From air tickets, free train travel to higher wages, employers try to bring back migrant workers
As the industries and realty sector resumed operations in full swing from May 17, the employers tried to bring back workers, especially the skilled ones, who were needed to start work.
Hyderabad-based construction major Megha Engineering and Infrastructure s Limited (MEIL) brought back about 1,000 workers who had returned to Bihar, West Bengal and Uttar Pradesh during the coronavirus lockdown. The firm paid for their train tickets to resume construction work of the Polavaram multi-purpose project on Godavari River in Andhra Pradesh’s West Godavari district, company officials said on Tuesday. Another 1,800 would be brought back soon, they said.
MEIL general manager, Satish Angana, said over 3,000 migrant workers had gone back to their native states like Bihar, Jharkhand and Orissa, compelling the company to continue works with the available meagre workers.
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“Till now, around 1,000 workers had been ferried back to Andhra Pradesh through Shramik Special trains at the company’s expenses. Another 1,800 workers are expected to be brought back shortly,” said another official who was not willing to be quoted. Angana said all these returning workers were tested at special medical camps and are allowed to work.
Although the government has relaxed restrictions and allowed industries to reopen from May 3, the production has not increased much because of the shortage of labourers as workers left for their homes after the lockdown commenced from March 25. The Central government informed the Supreme Court last week that close to 10 million workers were sent back to their homes through special Shramik trains that started from May 1.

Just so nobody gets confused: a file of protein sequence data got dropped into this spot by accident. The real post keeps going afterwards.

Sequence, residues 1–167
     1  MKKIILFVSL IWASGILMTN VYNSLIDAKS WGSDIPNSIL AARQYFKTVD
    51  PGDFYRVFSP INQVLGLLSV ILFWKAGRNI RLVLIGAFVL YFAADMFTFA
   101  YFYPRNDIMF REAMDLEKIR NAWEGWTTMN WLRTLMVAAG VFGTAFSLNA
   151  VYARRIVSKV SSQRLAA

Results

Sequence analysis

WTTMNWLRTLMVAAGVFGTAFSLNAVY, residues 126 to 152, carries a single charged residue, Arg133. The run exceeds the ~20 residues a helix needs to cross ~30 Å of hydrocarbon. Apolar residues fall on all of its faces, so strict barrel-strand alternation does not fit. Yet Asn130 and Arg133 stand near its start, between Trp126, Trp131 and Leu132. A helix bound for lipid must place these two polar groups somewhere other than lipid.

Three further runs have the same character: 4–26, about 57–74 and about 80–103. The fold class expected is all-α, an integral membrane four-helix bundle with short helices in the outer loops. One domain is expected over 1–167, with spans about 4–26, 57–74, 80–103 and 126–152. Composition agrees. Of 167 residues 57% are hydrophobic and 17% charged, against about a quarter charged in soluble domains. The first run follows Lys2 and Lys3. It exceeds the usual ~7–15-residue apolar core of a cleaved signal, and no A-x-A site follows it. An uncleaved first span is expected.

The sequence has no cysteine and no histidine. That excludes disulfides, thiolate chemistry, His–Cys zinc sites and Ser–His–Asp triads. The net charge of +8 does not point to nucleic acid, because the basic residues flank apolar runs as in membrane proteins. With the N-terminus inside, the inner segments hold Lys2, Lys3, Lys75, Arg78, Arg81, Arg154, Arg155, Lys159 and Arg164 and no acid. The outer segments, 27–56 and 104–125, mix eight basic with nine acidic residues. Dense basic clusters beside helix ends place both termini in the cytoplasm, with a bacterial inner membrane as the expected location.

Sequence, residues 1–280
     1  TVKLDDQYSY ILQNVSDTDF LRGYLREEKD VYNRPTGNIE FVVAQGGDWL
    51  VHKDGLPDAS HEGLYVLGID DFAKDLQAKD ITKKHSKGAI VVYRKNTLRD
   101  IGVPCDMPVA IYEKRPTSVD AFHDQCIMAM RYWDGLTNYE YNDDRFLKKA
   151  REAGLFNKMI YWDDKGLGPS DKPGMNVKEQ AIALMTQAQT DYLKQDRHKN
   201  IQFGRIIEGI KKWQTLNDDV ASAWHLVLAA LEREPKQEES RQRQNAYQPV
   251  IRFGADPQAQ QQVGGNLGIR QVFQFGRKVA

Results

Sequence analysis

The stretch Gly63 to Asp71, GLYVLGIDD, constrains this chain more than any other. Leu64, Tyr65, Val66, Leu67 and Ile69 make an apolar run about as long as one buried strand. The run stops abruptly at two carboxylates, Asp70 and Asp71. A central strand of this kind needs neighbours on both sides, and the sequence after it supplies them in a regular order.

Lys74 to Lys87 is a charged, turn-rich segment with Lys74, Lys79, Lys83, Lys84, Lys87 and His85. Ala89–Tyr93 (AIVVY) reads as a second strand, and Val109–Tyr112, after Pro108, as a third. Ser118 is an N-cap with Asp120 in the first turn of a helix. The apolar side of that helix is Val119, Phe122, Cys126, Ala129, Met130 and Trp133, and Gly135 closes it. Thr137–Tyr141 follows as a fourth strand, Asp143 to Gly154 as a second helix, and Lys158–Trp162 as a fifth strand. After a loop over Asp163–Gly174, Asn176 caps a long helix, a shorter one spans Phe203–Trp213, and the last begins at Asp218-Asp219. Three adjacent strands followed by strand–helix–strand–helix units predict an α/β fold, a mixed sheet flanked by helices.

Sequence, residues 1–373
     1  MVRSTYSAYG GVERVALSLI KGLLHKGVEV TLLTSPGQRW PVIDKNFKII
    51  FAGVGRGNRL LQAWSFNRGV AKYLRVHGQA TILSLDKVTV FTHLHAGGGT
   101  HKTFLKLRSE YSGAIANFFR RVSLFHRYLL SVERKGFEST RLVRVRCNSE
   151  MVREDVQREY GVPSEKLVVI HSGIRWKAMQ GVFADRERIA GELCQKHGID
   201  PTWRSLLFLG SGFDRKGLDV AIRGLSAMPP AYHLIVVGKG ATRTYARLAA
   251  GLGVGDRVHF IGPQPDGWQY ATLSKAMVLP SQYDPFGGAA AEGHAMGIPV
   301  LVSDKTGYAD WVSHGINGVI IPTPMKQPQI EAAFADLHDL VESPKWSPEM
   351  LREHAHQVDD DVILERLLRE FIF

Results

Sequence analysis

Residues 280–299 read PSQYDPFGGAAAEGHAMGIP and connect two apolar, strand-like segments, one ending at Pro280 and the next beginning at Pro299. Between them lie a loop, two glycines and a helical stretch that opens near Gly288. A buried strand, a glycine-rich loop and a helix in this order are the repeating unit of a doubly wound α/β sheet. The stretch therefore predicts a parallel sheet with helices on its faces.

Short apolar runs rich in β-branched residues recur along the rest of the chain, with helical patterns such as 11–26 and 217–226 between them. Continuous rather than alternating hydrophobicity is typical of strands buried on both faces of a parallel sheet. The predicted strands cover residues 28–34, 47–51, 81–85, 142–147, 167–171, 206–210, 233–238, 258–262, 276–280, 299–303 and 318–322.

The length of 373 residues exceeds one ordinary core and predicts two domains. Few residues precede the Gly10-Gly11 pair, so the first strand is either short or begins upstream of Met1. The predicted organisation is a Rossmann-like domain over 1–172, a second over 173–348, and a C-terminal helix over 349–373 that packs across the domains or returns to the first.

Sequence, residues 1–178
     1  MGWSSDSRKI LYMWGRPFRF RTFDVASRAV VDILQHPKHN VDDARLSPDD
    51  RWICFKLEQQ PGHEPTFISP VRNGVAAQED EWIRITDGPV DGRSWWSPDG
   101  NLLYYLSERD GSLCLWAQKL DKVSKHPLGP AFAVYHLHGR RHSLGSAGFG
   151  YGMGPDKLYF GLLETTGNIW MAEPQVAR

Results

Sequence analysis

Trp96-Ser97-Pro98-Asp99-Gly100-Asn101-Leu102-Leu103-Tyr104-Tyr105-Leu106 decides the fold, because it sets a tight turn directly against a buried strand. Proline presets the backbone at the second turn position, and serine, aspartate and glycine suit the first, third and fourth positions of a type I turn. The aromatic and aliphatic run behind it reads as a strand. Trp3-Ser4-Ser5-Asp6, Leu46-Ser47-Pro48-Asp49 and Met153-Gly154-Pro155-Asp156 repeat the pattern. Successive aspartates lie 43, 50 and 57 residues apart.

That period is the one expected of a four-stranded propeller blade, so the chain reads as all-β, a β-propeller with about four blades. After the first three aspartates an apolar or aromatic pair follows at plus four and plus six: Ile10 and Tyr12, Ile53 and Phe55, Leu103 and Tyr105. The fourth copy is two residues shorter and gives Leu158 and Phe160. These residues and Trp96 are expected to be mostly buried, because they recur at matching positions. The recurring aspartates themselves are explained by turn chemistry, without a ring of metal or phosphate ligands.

However, as the industries and realty sector resumed operations in full swing from May 17, the employers tried to bring back workers, especially the skilled ones, who were needed to start the work. As workers expressed inability to return in the absence of enough trains, the employers tried to woo them, promising higher wages, better working conditions and even flight and train tickets.
Bangalore-based Prestige Group has flown 10 carpenters from Patna to Hyderabad where it has taken up a major real estate project. “One of our contractors booked flight tickets for these 10 carpenters from Patna to Hyderabad. We have to complete the projects before the deadline fixed by the Real Estate Regulatory Authority and deliver the flats to the customers,” a senior vice-president of Prestige Group told a news agency.
Bobby Jindal, owner of Balaji processors, a blanket manufacturing firm in Punjab’s Ludhiana, brought back seven of his master craftsmen by air from Patna.
“I was left with less than 50 workers at my unit which adversely affected production. I booked air tickets for seven master workers who took a flight from Patna to Delhi and then from Delhi to Sahnewal Airport in Ludhiana last week,” Jindal said, adding that he had also arranged two taxis and booked train tickets for some of the other workers. “I have spent Rs two lakh on bringing 50 workers back in the last few days.”